Science coming from the latin word scientia, meaning “knowledge”, is a systematic structure that builds and organizes knowledge from testable explanations and predictions about the universe. The nature of scientific progress and the rationality of scientific change lies between Karl Popper and Thomas Kuhn. The two influential philosophers of the 20th century had very different views of science which has caused countless debates because of it. One of them, which I believe is most interesting, was the idea of the scientific method and the idea of there even being one. The tradition understanding of the scientific method, described since the ancient Greeks, was to look at the world with a scientific eye and observe it with no other preconceived notions. They both, however, tried to explain the scientific method in their own unique way and their answers couldn’t be anymore different. While both Popper and Kuhn debated their idea of what a scientific claim should be, I believe Kuhn’s claim to be more beneficial to science because he understood the premises of science more clearly.
Karl Popper agrees with the idea of there being a scientific method. He believes that science begins with problems and that these problems occur when something differs from our expectations and reality of it. When this happens, Popper believes we must come to a solution or conjecture that tries to explain the new criteria. The conjecture will offer a hypothesis that, for example, might try to explain the world in a new way. Popper believes that a good conjecture will make bold moves and take risks by making novel predictions. It is then the scientist 's job to take this new solutions and test and submit them through criticism which Popper describes as refut...
... middle of paper ...
...lsified according to Popper. However, Kuhn explains that sometimes in experiments, humans mess up because no one can be can have the capability of being perfect all of the time. A scientist may instruct an experiment very carefully but there is typically a margin of error that is impossible to prevent. But how do we distinguish anomalies from counterexamples? The problem is being able to see when the theory has disagreed with the experiment enough or that we just made the wrong calibrations. Popper gives us no answer to this question while Kuhn explains it very thoroughly. I believe this to be the main factor of Kuhn’s claim being superior to Poppers. Kuhn understands the nature of science and the possibility for error and clearly explains that just because a claim doesn’t have the desired result, doesn’t implicate the result to completely override existing tests.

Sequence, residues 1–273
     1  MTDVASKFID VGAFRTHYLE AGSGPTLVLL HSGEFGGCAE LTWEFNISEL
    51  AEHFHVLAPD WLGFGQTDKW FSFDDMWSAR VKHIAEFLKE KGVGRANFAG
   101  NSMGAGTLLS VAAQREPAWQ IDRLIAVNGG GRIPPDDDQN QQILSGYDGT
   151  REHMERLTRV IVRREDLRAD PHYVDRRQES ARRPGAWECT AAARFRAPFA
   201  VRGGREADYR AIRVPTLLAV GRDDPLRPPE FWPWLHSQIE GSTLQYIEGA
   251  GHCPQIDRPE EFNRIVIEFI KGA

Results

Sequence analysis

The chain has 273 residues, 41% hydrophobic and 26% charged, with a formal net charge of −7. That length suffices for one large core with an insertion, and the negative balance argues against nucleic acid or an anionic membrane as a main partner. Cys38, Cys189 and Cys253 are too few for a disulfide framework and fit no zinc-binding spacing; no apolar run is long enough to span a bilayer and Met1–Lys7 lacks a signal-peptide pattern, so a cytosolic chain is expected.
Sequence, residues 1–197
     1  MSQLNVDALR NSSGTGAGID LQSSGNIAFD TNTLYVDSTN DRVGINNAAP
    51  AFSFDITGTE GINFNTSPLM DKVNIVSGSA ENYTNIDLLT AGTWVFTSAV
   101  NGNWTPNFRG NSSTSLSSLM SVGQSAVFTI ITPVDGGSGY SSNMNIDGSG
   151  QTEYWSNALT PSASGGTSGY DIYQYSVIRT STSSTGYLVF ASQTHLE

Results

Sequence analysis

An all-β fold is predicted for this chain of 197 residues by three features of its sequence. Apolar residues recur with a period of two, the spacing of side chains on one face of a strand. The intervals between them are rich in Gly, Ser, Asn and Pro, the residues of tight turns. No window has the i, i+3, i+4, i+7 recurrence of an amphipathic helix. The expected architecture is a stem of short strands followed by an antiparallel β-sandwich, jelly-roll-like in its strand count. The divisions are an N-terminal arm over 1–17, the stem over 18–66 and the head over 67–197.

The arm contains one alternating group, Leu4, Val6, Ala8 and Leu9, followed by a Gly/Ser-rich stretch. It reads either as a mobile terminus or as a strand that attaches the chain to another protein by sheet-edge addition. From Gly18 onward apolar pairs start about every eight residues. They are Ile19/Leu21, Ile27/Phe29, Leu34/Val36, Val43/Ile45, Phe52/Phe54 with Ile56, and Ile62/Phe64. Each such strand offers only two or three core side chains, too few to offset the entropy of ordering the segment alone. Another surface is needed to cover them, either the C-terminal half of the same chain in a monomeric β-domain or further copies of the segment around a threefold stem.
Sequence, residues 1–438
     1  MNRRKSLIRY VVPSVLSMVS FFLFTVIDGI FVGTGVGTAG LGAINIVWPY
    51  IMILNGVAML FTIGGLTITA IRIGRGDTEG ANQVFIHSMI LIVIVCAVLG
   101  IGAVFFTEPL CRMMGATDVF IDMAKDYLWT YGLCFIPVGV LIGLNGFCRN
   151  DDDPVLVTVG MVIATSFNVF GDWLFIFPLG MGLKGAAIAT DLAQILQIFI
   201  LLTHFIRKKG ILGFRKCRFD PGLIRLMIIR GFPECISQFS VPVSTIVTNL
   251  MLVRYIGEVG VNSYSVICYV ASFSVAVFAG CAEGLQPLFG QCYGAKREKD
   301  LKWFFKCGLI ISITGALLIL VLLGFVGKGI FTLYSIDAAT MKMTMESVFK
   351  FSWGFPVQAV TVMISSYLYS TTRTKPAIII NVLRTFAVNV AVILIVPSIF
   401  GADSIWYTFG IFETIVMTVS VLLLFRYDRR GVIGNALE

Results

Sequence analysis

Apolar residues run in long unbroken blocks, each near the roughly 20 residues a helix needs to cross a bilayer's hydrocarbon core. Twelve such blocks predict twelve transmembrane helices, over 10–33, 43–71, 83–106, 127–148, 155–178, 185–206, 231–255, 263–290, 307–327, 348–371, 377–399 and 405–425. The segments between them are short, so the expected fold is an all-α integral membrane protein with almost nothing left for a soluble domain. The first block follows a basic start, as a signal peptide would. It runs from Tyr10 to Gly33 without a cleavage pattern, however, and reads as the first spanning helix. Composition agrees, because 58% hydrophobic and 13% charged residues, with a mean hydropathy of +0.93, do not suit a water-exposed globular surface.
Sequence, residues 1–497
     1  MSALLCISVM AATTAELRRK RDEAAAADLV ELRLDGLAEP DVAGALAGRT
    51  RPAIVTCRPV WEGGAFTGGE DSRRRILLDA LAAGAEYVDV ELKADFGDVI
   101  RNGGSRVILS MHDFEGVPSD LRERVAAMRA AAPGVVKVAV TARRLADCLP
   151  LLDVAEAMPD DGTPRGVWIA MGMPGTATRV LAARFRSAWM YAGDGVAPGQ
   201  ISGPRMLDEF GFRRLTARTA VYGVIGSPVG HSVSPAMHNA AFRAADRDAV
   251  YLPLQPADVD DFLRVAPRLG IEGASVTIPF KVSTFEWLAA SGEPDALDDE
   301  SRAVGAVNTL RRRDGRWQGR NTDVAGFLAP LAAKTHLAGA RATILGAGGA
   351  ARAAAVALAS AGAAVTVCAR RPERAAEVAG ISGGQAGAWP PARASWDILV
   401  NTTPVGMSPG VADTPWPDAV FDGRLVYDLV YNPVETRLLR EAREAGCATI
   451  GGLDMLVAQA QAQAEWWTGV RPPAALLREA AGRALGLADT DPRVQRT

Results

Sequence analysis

Need Writing Help?
Get feedback on grammar, clarity, concision and logic instantly.Check your paper »
The Natural Science, Writers Conduct Experiments, Make And Record Observations, And Report On Their Work
- In the natural sciences, writers conduct experiments, make and record observations, and report on their work in an effort to better understand the natural world. The natural sciences include a number of sub fields, including medicine, mathematics, physics and engineering, to name a few. Dr. James Mickle of North Carolina State University has been teaching in the sub field of biology since 1987. His research specializes in "whole-plant” taxonomy of fossil plants, conifer taxonomy and phylogeny, growth and development in fossil plant vegetative organs, and angiosperm fossil fruits taxonomy.... [tags: Scientific method, Science, Nature, Writing]
1104 words (3.2 pages)
- Thomas S. Kuhn’s, “The Nature of Necessity of Scientific Revolutions” want us to understand that the nature of the universe is evolving because people gain new knowledge in science. He addresses that as the universe is evolving human beings aquire new knowledge in science. In Kuhn’s work he mentions, “Simultaneously we have had to alter the fundamental structural elements of which the universe to which they apply is composed.” From this I understood that the universe is growing and human beings are expanding their knowledge and discovering new things, all thanks to the evolution of the universe.... [tags: Science, Scientific method, Scientific revolution]
776 words (2.2 pages)
- The nature of scientific reasoning Science is quite a phenomenon in itself. It cannot be studied wholly and drop down on papers. Various great scientists have made a great contribution in the field of science. But the main question that arises is the scientists studied each and every piece of the puzzle in detail or were they made a guess assumption about the topic. No one can give the perfect answer to this question. As a photographic plate is exposed to get an image, scientists expose themselves to work and they on the spur of the moment develop a new formula for atomic energy.... [tags: Scientific method, Science, Theory, Mathematics]